Dynamic Typography & Adaptive Layouts

Written by: on August 7, 2017

Apple has set an example that accessibility should be a natural, integrated part of iOS. They turned accessibility into a competitive advantage. If doing the right thing isn’t motivation enough, following Apple’s lead and building inclusively means your app can be enjoyed by more users. Head over to apple.com/accessibility and watch some of the great videos there to get a sense of how important being inclusive is to Apple.

According to the World Health Organization, about 4% of the population have low vision, and 0.6% are blind. Around age 40, many people develop a form of age-related farsightedness called presbyopia. Statistically, the fastest growing part of your user base is people 60 years of age and older, and about 50% of those people have some sort of visual impairment. Low vision isn’t binary, there is a continuum of impairments between 20/20 vision and blindness. When we design for inclusivity, we’re designing for everyone, not just people with difficult visual impairments.

Accessibility is a broad topic, and Apple categorizes accessibility features into Vision, Hearing, Physical and Motor Skills, and Learning and Literacy. We will be taking a look at Font Adjustments in the Vision category, which includes technologies like VoiceOver, Siri, Dictation, and Magnifier.

Font Adjustments describes a user-facing feature. In Settings, users can increase the system text size, and “Apps that support Dynamic Type will adjust to your preferred reading size below.”

iOS is a little late to offer the necessary tools to enable developers to build apps that respond to text size changes. Despite the platform having won awards for features like VoiceOver, the state of text sizing is poor. This year in iOS 11, Apple is rolling out better text sizing in all of the default applications like Calendar and Music, and they plan to continue on that path with all of their apps. While Apple is modernizing their apps, many third-party apps like Wimbledon do not respond to Dynamic Type yet.

Before we dig into the technical aspects of wrangling type on iOS, let’s recap how we got here with a brief history of digital typography on the Mac and iPhone, and make some connections between typography and inclusivity.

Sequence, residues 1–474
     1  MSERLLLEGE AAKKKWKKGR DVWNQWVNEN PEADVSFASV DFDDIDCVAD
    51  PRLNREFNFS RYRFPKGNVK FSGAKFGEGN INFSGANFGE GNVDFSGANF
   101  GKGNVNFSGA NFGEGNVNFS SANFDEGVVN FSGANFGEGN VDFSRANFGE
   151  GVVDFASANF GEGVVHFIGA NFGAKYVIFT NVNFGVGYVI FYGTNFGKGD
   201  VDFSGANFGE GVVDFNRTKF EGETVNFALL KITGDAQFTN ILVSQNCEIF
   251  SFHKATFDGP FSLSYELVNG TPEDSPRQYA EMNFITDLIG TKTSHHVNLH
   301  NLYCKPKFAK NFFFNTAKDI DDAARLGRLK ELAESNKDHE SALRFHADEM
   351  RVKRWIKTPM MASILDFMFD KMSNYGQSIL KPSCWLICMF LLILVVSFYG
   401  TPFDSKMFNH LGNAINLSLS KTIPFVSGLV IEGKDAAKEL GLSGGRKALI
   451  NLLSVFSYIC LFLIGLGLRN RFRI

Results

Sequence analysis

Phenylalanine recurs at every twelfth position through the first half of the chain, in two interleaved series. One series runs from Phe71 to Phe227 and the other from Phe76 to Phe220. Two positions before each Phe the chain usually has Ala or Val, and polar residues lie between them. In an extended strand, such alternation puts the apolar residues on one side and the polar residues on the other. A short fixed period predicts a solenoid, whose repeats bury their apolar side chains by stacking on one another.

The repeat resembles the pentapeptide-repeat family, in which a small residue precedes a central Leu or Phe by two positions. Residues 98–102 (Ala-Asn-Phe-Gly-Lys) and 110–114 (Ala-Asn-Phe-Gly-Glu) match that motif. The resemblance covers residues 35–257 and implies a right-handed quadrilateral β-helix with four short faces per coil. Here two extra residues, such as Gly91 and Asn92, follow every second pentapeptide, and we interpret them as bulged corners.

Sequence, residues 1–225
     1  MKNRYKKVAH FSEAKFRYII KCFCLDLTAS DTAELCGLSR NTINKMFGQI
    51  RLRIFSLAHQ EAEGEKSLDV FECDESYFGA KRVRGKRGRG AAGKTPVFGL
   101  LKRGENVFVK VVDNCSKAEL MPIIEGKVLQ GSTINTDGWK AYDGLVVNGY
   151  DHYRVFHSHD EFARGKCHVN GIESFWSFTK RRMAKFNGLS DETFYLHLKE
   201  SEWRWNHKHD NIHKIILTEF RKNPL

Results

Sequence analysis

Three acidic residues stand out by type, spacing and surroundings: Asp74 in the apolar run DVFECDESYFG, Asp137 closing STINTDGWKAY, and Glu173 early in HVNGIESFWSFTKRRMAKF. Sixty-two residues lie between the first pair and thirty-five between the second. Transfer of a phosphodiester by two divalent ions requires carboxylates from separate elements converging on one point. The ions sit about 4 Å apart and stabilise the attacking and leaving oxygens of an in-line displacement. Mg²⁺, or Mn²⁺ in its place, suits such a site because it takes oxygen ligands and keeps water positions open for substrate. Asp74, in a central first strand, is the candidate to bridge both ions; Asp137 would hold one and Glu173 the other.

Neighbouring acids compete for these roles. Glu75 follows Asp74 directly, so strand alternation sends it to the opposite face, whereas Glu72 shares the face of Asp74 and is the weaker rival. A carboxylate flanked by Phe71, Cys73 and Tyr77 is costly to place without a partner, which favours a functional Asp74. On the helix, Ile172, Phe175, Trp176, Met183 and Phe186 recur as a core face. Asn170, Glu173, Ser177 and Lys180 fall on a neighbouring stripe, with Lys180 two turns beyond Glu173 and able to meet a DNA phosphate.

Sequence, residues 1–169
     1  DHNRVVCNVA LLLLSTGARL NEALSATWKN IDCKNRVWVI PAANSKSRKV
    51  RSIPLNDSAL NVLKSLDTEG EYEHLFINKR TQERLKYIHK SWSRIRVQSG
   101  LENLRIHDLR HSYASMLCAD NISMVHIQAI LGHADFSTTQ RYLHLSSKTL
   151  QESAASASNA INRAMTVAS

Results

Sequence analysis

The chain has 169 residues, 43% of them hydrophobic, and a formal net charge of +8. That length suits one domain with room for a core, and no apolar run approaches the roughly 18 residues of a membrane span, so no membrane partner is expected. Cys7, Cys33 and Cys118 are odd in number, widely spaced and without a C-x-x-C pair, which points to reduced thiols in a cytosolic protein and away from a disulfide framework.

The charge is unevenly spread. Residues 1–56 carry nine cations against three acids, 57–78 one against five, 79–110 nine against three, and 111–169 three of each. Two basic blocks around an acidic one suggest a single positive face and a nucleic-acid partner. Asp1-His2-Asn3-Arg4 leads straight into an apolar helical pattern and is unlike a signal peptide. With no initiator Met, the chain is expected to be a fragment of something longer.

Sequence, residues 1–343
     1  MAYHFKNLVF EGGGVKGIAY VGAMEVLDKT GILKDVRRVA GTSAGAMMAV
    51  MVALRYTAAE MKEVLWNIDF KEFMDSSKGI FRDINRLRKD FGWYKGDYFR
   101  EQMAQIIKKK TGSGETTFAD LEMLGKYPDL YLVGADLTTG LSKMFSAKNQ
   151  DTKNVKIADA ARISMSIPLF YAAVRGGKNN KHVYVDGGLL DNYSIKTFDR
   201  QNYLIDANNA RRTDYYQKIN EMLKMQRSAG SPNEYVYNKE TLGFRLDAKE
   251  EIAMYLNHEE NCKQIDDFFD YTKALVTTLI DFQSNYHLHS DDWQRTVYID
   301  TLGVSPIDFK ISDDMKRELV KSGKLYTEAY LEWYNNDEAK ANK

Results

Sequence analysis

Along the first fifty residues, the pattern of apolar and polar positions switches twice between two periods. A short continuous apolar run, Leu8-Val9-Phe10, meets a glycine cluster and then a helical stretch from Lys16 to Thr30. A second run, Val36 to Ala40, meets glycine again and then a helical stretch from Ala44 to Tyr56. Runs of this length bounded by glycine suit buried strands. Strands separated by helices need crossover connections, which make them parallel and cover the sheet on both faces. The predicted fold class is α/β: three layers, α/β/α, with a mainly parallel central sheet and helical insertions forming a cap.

Typography

Digital typography has a rich history on Apple computers. Apple liberated typography from the confines of type design studios and print shops with the introduction of the Mac in 1984, which is the first personal computer to offer font choices in programs like MacWrite.

Apple developed the TrueType font standard which shipped with Mac System 7 in 1991. TrueType was a revolutionary advancement in digital typography that enabled scaling—in TrueType, glyphs are constructed from a geometric blueprint rather than bitmapped pixels. Steve Jobs played an integral part in advancing digital typography in his time at NeXT, which Apple acquired when Jobs rejoined Apple.

Fast-forward to 2007, and TrueType is built into the first iPhone, and Helvetica is selected as the system typeface. Helvetica has a simplicity and classic neutrality that paired well with the iPhone design aesthetic. Custom font support was introduced with iOS 3.2 in 2010, enabling designers to inject style and branding queues into their app designs. Through iOS 6, iOS layouts are generally static, which worked for the skeuomorphic designs that were popular at the time, and text sizing had not been introduced yet.

Meanwhile on the web, a CSS renaissance happened in the mid 2000’s which leads to Ethan Marcotte coining the phrase Responsive Web Design in 2010. Web designers learned how to build layouts that could adapt to changing viewport and text sizes.